Apple Pay is here, and just like the Apple II in 1977 and the iPod in 2001, it promises to make giant waves. The platform will support NFC (near field communication)-based payments from the iPhone 6, 6 Plus, and the Apple Watch, promising to bring tap-and-pay to the masses for the first time… well, sort of.
The truth is, NFC-enabled phones have been around for almost four years—an eon in tech years. The first was the Samsung Nexus S, debuting in late 2010. After the phone’s release, Android was quick to roll out updates, including tap-and-pay functionality linked to Google Wallet.
But it never caught on. Although you can find NFC tap-and-pay devices in NYC taxis, Walgreens, and thousands of other small-purchase, high-volume retailers, few people use them. So what makes Apple Pay different? Three words: timing, timing, timing. And a fourth: Apple.
Making Security a Priority
Putting sensitive information on a device that can be hacked, broken, or left in a taxi makes people uneasy. When they lose a credit card, most people know exactly what to do—but the rules for digital wallets are not as simple. To capture this market, Apple has positioned Apple Pay as safer than predecessors. The system uses tokens to add a layer of security, making sensitive information tough for hackers to reproduce.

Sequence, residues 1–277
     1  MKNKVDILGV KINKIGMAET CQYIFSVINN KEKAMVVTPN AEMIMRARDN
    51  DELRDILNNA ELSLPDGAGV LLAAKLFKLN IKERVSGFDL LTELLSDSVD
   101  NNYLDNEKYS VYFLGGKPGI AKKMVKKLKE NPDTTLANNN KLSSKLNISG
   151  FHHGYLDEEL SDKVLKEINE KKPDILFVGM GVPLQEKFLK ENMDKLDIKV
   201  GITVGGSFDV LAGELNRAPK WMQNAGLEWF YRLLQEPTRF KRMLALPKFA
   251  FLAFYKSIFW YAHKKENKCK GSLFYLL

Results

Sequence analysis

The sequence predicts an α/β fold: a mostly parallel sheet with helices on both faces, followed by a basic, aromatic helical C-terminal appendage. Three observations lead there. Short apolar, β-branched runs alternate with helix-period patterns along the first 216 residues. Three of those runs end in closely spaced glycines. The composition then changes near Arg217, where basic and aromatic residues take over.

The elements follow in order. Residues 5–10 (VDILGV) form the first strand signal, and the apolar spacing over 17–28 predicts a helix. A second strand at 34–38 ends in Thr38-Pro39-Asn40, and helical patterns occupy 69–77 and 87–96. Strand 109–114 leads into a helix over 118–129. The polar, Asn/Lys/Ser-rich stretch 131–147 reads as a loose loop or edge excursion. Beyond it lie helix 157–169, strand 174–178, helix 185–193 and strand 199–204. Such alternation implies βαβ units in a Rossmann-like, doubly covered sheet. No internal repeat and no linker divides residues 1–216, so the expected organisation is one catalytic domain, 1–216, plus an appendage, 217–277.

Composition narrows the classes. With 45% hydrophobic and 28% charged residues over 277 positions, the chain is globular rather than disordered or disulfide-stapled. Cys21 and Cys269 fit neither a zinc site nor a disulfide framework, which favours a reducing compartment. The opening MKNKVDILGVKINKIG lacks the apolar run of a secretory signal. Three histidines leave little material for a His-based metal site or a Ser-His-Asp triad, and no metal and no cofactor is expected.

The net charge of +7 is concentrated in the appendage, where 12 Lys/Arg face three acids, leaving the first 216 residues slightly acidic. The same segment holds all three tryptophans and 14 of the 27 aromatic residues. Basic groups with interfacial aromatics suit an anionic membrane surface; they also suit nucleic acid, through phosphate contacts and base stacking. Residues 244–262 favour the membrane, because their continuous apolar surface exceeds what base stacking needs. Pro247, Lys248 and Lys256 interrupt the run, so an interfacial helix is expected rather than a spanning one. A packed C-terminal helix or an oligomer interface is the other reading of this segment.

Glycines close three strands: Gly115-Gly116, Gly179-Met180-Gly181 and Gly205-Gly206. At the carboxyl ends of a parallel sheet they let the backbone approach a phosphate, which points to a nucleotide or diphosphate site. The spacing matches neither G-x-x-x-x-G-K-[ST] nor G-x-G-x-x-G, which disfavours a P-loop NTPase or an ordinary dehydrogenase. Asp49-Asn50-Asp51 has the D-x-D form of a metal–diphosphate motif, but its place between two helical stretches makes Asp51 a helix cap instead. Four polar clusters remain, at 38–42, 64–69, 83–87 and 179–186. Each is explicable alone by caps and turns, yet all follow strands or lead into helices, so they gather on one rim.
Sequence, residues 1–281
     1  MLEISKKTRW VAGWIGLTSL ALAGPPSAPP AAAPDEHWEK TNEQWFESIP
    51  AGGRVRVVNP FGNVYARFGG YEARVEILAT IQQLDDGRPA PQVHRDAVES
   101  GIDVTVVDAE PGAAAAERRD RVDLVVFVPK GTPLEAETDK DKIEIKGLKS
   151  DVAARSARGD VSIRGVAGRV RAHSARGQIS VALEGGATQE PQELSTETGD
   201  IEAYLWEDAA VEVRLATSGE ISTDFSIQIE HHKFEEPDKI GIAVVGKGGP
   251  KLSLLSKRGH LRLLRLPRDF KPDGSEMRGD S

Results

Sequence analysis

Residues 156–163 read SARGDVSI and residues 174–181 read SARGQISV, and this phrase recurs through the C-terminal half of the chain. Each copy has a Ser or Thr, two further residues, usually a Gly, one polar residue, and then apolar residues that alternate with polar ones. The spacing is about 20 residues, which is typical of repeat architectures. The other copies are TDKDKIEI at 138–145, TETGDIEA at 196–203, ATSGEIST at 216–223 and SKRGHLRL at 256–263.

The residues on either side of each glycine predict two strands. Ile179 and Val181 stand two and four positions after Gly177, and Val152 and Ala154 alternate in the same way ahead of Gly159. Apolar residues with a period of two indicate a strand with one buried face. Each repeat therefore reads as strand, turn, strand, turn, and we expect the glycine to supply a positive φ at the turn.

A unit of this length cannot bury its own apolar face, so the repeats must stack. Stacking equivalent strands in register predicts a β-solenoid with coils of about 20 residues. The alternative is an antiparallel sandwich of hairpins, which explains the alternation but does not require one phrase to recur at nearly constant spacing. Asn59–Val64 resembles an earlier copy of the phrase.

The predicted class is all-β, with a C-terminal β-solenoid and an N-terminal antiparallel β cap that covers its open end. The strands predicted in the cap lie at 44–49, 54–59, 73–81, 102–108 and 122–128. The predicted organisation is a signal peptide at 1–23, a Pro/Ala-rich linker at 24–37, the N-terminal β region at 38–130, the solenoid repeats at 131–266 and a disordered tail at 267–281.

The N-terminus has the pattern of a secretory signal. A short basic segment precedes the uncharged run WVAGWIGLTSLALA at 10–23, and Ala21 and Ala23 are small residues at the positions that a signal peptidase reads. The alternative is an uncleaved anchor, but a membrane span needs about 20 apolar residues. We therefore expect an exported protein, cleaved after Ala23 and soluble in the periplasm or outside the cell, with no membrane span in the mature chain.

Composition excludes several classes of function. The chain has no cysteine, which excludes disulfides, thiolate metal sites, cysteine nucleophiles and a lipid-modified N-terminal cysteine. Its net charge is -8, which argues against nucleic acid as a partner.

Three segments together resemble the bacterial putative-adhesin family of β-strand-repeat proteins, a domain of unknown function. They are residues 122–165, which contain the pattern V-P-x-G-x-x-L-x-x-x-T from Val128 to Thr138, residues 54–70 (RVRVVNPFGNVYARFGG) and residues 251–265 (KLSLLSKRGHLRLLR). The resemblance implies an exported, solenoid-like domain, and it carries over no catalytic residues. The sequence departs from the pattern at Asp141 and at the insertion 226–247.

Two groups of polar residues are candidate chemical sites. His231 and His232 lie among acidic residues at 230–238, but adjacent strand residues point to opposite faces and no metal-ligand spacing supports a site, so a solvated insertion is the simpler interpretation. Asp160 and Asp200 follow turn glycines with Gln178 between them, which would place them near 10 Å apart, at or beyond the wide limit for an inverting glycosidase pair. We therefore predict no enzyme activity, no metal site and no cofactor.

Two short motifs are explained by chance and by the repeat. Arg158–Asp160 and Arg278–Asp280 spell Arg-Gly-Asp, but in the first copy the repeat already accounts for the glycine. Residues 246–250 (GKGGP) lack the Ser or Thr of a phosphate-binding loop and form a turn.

Perfecting v. Inventing
Heightened security and brand name aside, timing is everything. Precisely because Apple isn’t the pioneer of NFC-enabled payments, the company is in a position to perfect it (sorry, Samsung). Furthering the hardware inroads made by Google and MasterCard, Apple can claim some 220,000 retail and dining partners, lending further authority to its culture-generating brand. Many of these retailers were early Google Wallet adopters and haven’t had to change a thing in their stores.
Striking Hot Iron
But Apple isn’t just hopping on a bandwagon. It’s positioned on the crest of a wave: a long-planned, nationwide transition to a new, more secure payment standard called EMV. EMV stands for Europay, MasterCard and Visa, and is a global standard for inter-operation of integrated circuit cards (IC cards or “chip cards”) and IC card capable point of sale (POS) terminals widely used in Europe. This change will require merchants to upgrade to IC-capable POS terminals, or risk being held responsible for fraud. Since all new terminals accept mobile NFC payments, they will go from rare to the rule.
We won’t fully know how much users will embrace Apple Pay until it’s tested on the free market. But we’ll put our money—and our iPhones—on a giant shift in how we buy.